I don’t enjoy reading. I never have. I can hear the sharp in takes of breath from all the avid readers out there, and I do hang my head in shame. I really wish I could dive into a book and get lost in the pages, but I just can’t Hubby is a book adict and he just doesn’t understand my reluctance to read. I will try to explain.
When I was at school, the books we learned to read with were called Peter and Jane (this is the modern version of them – http://www.ladybird.co.uk/ladybirdworldwide/keywords.html), so I instantly was teased at school because the mundane things the girl in the book did. It was in the days when sexual stereotypes could not be broken, and Jane helped Mum while Peter got to do fun stuff with Dad!!! We then moved onto some more exciting books about pirates, each being named after their coloured clothing. Roderick the Red was a true hero to me, but I also enjoyed his friends. I did reading at school because I had to, it was never really fun. I have a mathematical brain and not a language one.
My Dad was also an avid reader. He would take out his 8 books from the library and read all of them in tandem. That would confuse the hell out of me! We used to have to go to the library with him and choose books too, he was determined we would have his love of reading. Maybe that’s part of the problem, it was difficult for me and I was being forced rather than encouraged. Anyway, it was on one of these trips to the library, I first encountered Dr Seuss. The pictures drew me to the book, and the nonsense rhymes kept me interested. I had found books I could lose myself in. The world created in these books was so far-fetched it was interesting. I couldn’t get enough. Dad wasn’t all together happy as they weren’t really stretching me but I was enjoying them.
Then came secondary school and English literature lessons. I was still a slow reader, and words didn’t always make sense to me as I transposed letters. Spelling was a nightmare, and the only help the teacher gave when my parents asked how they could assist me was to go out and buy a dictionary! Not helpful if you have no idea where to begin with a word! English lit, took away my final nugget of reading enjoyment. I still don’t understand why we need to pull apart the relationship between the wart on one characters nose with the pimple on the bum of another. What relevance does it have? If you read a book, and enjoy the story then great, but I don’t need to make up sub text for the sake of it. I’m sure the authors would have problems passing exams on their own books if they had to sit silly questions. One of the books we did at school was The Hobbit, and to this day, Tolkien fills me with dread. I get palpitations thinking about it. Hubby gets palpitations to my attitude as he loves Lord of the Rings.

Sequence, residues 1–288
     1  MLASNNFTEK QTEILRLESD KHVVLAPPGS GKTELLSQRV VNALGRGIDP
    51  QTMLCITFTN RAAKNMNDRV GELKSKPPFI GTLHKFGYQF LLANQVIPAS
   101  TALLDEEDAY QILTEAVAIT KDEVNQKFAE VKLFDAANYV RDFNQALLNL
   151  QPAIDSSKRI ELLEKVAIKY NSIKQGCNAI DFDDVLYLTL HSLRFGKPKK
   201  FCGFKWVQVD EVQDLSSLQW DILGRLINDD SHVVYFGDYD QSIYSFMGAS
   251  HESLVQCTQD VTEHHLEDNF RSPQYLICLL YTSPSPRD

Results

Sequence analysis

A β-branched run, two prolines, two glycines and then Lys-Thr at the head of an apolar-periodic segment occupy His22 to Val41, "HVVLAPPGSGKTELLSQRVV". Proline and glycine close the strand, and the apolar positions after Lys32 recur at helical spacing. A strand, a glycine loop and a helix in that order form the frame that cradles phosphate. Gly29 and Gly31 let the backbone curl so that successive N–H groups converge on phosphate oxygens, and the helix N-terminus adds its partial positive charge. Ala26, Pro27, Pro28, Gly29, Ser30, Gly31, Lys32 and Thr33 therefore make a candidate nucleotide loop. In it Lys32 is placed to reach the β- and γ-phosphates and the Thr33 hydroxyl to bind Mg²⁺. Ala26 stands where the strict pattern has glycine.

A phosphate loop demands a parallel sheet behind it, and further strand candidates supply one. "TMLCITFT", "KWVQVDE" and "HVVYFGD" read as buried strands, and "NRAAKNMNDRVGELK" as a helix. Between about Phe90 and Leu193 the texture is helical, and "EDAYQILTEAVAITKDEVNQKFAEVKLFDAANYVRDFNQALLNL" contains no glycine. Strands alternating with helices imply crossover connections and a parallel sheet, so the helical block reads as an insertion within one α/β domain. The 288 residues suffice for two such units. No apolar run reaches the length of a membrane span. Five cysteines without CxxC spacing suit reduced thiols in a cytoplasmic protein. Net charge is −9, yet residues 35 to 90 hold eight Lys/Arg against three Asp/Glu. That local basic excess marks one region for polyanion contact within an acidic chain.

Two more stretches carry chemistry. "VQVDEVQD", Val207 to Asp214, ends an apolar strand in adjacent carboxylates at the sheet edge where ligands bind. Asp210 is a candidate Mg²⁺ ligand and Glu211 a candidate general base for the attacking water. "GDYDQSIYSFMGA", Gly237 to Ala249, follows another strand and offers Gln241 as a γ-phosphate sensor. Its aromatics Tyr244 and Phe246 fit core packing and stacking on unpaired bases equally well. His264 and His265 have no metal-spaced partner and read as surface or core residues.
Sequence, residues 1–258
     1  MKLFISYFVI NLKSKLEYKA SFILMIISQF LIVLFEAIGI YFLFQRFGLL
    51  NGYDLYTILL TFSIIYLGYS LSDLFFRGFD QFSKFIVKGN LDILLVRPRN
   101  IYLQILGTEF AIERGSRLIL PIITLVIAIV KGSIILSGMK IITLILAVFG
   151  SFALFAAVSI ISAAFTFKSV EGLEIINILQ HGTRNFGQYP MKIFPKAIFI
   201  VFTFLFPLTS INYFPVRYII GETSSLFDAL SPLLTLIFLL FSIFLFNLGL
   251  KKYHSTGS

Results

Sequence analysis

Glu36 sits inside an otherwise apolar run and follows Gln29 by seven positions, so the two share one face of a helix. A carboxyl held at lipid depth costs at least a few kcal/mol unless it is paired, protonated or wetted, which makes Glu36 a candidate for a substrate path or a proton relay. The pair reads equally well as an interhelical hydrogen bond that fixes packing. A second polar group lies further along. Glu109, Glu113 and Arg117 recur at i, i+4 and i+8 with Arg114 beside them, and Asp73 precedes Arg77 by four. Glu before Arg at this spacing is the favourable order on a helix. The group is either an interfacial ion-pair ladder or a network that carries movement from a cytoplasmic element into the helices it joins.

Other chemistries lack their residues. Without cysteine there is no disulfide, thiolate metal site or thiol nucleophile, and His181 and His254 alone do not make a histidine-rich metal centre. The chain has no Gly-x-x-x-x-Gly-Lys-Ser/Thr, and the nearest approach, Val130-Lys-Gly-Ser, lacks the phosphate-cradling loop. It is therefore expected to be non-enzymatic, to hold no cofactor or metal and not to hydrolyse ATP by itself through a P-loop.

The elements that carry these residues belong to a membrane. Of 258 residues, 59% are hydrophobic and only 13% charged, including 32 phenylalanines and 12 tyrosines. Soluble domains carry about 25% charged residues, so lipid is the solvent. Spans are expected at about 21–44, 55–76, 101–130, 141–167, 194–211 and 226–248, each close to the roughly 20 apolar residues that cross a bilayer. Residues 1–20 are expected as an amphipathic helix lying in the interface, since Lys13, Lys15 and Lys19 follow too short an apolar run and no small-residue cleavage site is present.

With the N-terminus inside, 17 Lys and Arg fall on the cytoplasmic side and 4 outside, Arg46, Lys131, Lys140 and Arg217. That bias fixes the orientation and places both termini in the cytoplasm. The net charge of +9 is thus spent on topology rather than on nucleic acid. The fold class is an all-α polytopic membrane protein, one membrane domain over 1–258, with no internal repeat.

I’m not sure I’ve made it clear why I don’t enjoy reading, but it’s just the way it is! I have never had the best attention spam, so sitting down reading gets me quite fidgety, I need to be up doing something. I could never go on holiday and sit on the beach for a week just reading a book!
I therefore can empathise with M who at the moment is not enjoying his reading. He can do it, he just doesn’t like doing it, and it is a constant battle to get him doing his school reading of an evening, especially now there is far more of it. M doesn’t understand homework, as in his mind, school work is for school, and not for at home. To some point I agree with him, but the education system doesn’t, so we make him do his written work as well as his reading. He will mumble, and fall over words, in the hopes of getting out of it, but we always get there in the end.
Yesterday morning though the most amazing thing happened. I was woken just after 6am (yes, that time does exist on a Sunday morning), by the sound of chattering coming from the boys bedroom. I went through to see what was going on, as I didn’t want the rest of the house woken at that time. The boys were sitting on M’s bed with their Dr Seuss collection – I had bought it for the boys and have loved reading the books with them. They were discussing which books they were going to read. D had decided upon Marvin K Mooney – I think he loves the amazing modes of transport in it, while M had chosen The Cat in the Hat. They said they just wanted to sit and read, so I told them to keep it quiet so as not to waken anyone. About an hour later they came through to our room and asked if they could read to us. Even half asleep, it is impossible to say no to that request. D went first, and whizzed though his book. M took a little longer, but a much more complicated book, and at various points he had to mention the discrepancies between the book and the film, but he read the whole thing with only a couple of errors which we let go. He was very proud of himself, as we were of him.
I could remember the excitement I had when I first read that book and how my mind was a buzz because I had found a book I loved, so for M to love it and choosing it as a book he wanted to read, and not because he had to, was brilliant. This week at school, M’s class is doing a project about desert islands, and the children have to choose three things they would take with them. M has of course chosen Jimmy (his best cuddly bud), a notepad and pencil, and The Cat in the Hat because it is his favourite book.
Now, he might not be enjoying his proper school reading, but we will chip away at that, but I am pleased he has found a book, he can lose himself in, and that he wants to read. It is a stepping stone, that we need to keep solid for him, so he can then move on to the next one, and hopefully his apprehension towards reading will go.
Thank you Mr Geisel – http://en.wikipedia.org/wiki/Dr._Seuss for giving me, and now M a feeling that reading can be fun!